The upturn in crude oil prices, along with the increasing production of U.S. shale oil, will potentially have a profound impact on the geopolitics of this resource, particularly at a time when Asia is emerging as a demand hot spot. Asian economies including China, India, Japan, South Korea, and Southeast Asian countries are looking at a tremendous rise in oil demand in the next few years. Per estimates from the International Energy Agency, oil demand in Southeast Asia alone is set to rise from the current levels of 4.7 million barrels per day (bpd) to 6.6 million bpd by 2040. Increasing economic growth rates and subsequent rise in standards of living are the prime factors behind the demand push. China has already emerged as the world’s largest crude oil importer in 2017, and its oil demand is projected to rise further by 4.6 percent, hitting 600 million tonnes in 2018. Following close behind is India, with a projected increase of 4.3 percent in its oil demand in 2018. With the increase in demand and rise in prices, the scramble for affordable, accessible and secure oil supplies will fuel the geopolitics in the region.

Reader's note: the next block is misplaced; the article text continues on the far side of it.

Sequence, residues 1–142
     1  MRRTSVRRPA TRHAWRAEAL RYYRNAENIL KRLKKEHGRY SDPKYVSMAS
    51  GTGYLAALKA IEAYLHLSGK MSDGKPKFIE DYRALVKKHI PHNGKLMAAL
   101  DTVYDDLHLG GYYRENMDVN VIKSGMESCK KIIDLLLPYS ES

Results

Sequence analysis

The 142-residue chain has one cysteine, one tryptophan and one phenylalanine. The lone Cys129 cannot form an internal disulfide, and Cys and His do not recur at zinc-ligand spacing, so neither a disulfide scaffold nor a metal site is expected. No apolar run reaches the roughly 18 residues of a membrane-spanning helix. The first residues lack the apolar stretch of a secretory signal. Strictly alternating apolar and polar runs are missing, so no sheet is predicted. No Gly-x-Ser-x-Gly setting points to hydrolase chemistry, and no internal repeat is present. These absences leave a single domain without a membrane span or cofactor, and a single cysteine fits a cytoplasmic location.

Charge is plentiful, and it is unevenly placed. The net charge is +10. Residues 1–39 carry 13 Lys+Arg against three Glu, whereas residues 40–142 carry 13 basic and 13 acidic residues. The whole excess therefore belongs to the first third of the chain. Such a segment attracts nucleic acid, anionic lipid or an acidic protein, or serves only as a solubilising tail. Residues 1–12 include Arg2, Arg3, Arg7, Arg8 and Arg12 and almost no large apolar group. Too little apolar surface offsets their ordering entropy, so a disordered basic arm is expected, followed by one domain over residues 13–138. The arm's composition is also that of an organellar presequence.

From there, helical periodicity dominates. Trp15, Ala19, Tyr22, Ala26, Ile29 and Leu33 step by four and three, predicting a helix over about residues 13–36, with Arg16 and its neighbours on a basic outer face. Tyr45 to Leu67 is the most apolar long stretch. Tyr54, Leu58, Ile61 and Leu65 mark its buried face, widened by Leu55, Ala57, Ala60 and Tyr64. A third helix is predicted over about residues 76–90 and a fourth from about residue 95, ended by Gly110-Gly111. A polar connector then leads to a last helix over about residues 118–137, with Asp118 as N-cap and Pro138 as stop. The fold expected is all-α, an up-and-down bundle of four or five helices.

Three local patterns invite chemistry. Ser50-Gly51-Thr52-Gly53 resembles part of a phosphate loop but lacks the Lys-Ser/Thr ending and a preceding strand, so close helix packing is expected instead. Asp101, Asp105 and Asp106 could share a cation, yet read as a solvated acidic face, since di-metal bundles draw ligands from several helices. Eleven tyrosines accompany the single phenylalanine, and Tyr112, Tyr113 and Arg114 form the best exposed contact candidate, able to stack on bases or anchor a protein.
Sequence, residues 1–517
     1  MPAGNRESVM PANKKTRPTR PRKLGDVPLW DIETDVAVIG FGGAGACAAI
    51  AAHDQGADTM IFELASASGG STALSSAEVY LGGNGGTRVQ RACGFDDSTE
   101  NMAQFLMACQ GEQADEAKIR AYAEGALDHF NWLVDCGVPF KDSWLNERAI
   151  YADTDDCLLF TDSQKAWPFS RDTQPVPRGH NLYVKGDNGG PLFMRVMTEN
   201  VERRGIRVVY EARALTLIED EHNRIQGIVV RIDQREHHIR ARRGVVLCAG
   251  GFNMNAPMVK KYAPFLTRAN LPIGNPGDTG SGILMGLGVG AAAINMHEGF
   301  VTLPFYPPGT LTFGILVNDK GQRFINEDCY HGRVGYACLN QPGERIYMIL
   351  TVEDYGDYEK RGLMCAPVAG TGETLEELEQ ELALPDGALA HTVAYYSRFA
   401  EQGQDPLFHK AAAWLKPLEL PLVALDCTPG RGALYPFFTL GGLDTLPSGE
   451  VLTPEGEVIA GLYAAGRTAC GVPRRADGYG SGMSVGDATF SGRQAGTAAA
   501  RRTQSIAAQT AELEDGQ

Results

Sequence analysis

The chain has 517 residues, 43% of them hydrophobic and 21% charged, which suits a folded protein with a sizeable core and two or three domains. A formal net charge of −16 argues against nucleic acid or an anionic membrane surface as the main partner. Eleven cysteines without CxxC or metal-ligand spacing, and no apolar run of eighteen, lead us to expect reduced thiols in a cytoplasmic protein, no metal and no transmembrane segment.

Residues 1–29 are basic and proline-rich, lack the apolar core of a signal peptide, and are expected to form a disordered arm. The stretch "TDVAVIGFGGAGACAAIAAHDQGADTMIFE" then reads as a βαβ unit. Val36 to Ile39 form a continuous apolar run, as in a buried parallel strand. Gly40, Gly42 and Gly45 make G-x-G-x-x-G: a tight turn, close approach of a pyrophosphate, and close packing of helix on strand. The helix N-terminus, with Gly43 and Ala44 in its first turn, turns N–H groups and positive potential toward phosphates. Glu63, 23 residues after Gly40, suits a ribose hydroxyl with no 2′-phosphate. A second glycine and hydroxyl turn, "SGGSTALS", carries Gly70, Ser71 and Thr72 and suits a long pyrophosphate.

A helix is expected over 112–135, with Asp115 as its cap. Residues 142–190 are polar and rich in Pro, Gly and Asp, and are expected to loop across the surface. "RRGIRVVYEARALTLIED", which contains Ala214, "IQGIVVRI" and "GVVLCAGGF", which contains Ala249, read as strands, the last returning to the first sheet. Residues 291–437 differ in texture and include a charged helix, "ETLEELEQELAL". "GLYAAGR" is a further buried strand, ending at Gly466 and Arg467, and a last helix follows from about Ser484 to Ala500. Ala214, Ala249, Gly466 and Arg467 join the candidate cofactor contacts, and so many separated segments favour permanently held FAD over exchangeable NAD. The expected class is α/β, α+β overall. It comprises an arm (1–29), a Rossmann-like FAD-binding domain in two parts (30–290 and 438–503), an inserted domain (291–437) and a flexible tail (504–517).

One of the most noticeable impact of the increase in crude oil prices in 2008 was the rise in tensions in the South China Sea in the same period. The increase in tensions is attributable, in part, to resource geopolitics, wherein China sought to dominate and control the maritime trade routes in order to secure oil supplies at a time when rising prices and shortfalls in production threatened to erode the very basis of its economic growth. 2008 was an inflection point, after which both the frequency and the intensity of the face-offs in the disputed region have grown. China’s attempts at setting up oil rigs, cutting short the patrols of oil and gas survey ships from Vietnam, harassing U.S. surveillance ships and aggressively claiming islands/rocks in the South China Sea saw an unprecedented rise.